Is this a holiday bunny?

… that this bunny was seen recently nestling against a wall of the Civic Center.

… that the Allstate CTA Holiday Train has been on the Purple Line for a while and will continue through Dec. 21, when the Allstate CTA Elves’ Workshop Train will follow it and offer food baskets to community organizations. Folks will have to go to the end of the line – Linden in Wilmette to get a pic taken with Santa – 4:45 to 5:45 p.m. on Dec. 21.

.… that public parking on surface lots could become more scarce. The City just signed a six-month lease with GTC Main Street and 706 Main Street, LLC, for space in parking lot 15 – the main parking lot folks use when they patronize businesses at Main and Chicago. While it’s a good thing to have the spaces there continue for a while, TG was concerned about a staff memo that accompanied the resolution for the six-month lease: “Staff is looking to remove itself from the operation of this lot, but agreed to a short term solution to help the owners have time to find alternative operations.”

… that a few parking changes are coming to north Evanston streets. On Bryant, from Central to the dead end, there will be two-hour parking only. On the 2200 block of Lincoln, parking between 7 and 9 a.m., except Sunday, will be for residents only. And St. Athanasius School and Parish may be able to expand its parking. City staff think the expansion is permissible, but the Zoning Board of Appeals did not think so. According to the ZBA, the proposed parking expansion would increase the negative cumulative impact on the surrounding residential neighborhood, and may interfere with or diminish the value of property in the neighborhood. Readers may recall that the same standard was to be applied in considering Northwestern’s application for a special use for its Welsh-Ryan events. Funny how people read and apply things differently.

… that the garage parking rate is soon to increase. Residents who have been monitoring the squabbles over the increase in parking rates may remember that one of the recent justifications for upping the meter rate to $2/hour was that people could always pay less to park in the City-owned garages. And that will still be true, but the garage rates will be thus: 1-2 hours, $3; 2-3 hours, $5; 3-5 hours, $6; 5-8 hours $10 (5-12hrs) $10; 8-12  hours, $12; 12-24 hours, $18. Thankfully, the City folks heeded complaints – or TG’s snarky comments – about the previous signs that said “first hour free” (which it never was) and have replaced that with a notice that parking for less than one hour is free.  Oh, and the parking tax for monthly parkers will increase as well early next year.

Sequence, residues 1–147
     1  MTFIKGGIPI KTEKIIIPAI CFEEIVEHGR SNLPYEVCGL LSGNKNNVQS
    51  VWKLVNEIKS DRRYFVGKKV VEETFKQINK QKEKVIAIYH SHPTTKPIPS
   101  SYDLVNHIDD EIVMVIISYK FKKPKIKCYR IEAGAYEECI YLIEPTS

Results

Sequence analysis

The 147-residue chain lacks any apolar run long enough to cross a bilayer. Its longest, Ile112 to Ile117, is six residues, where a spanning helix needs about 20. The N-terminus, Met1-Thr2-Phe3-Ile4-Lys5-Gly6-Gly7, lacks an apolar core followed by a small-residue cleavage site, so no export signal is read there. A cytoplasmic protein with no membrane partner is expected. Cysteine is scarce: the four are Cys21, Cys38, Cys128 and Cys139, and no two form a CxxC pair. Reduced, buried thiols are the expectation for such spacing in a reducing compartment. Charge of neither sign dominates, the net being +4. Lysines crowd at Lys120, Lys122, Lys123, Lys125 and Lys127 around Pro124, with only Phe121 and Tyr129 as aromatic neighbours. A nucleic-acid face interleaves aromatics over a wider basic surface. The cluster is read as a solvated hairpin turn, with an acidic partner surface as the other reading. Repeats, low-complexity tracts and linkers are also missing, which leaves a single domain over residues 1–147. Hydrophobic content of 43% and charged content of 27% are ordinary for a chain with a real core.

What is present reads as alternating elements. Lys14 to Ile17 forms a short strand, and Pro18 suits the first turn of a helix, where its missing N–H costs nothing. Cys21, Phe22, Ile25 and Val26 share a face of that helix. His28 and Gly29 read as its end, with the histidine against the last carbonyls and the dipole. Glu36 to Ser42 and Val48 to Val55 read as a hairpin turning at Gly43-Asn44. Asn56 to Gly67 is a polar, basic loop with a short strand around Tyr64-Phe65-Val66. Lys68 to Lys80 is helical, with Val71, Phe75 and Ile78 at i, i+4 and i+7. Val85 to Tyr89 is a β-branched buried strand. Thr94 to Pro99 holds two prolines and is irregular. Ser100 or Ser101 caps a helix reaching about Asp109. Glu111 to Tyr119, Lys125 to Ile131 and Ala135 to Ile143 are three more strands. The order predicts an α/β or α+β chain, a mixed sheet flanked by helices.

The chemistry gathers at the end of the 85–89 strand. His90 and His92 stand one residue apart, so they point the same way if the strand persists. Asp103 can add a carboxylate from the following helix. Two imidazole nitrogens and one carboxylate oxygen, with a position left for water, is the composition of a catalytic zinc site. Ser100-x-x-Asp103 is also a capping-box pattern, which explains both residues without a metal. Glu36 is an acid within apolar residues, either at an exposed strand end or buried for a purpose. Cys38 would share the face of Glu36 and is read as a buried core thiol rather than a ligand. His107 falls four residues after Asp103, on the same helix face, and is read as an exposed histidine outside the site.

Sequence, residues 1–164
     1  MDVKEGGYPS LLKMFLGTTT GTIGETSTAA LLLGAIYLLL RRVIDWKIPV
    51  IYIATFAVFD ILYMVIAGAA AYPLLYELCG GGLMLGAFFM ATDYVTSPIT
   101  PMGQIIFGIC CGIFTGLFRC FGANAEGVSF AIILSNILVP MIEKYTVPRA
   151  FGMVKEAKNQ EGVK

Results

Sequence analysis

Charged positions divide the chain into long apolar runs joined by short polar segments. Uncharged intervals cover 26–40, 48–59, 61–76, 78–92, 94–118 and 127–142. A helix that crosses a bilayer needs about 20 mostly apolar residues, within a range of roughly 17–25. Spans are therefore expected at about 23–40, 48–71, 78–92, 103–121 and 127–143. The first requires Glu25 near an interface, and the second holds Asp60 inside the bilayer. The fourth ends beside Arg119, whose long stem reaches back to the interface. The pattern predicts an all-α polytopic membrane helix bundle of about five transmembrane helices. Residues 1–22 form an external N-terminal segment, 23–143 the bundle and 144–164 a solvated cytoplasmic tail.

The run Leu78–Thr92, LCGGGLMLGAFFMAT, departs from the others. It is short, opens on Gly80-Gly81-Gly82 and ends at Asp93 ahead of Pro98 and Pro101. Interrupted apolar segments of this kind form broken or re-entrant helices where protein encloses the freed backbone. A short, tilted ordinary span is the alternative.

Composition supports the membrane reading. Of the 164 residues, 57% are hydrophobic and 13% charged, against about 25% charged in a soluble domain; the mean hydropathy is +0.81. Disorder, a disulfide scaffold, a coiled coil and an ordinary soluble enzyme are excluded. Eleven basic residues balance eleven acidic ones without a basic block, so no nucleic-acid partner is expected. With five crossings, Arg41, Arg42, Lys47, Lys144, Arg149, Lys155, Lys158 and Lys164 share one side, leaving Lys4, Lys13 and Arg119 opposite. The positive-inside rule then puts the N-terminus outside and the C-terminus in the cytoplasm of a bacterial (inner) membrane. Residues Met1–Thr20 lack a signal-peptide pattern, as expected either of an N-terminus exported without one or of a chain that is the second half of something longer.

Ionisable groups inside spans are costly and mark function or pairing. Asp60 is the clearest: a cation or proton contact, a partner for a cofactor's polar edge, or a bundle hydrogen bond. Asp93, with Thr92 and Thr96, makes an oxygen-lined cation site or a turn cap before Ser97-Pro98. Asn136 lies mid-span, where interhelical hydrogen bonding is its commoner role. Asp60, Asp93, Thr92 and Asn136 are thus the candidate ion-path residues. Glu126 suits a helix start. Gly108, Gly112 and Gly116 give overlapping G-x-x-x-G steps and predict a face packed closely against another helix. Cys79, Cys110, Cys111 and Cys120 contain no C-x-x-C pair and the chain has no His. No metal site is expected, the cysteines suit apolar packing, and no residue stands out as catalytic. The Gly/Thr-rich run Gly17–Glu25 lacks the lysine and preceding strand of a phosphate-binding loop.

… that some ETHS students wrote messages on downtown sidewalks on Dec. 6 – messages about the present and imminent threats of climate change to this smoldering planet.

… that the City, per a staff request, will soon talk about the future of the Church Street garage. Of the three City-owned downtown garages, this one attracts the fewest customers. TG notes, however, that it is the easiest one to negotiate. The staff memo states in part, “It would be prudent for the City to begin discussing whether it would be beneficial to sell the Church Street Garage.” TG suspects an underused garage under private management would attract even fewer customers. However, the place could become a skateboard park.

… that the City will be buying some new vehicles: a Bluebird All-American RE Passenger Bus (from Central States Bus Sales in Big Rock, IL), a Ford F550 Bucket Truck (from Sutton Ford, Inc. of Matteson), a Ford F150 4×2 Pickup Truck and four Ford Fusion sedans (from Roesch Ford of Bensenville) and a Ford Transit Full Sized Van and four Ford Interceptor SUVs (from Currie Motors of Frankfort). Some of these vehicles will be bought through competitive bidding, and others, through a purchasing cooperative.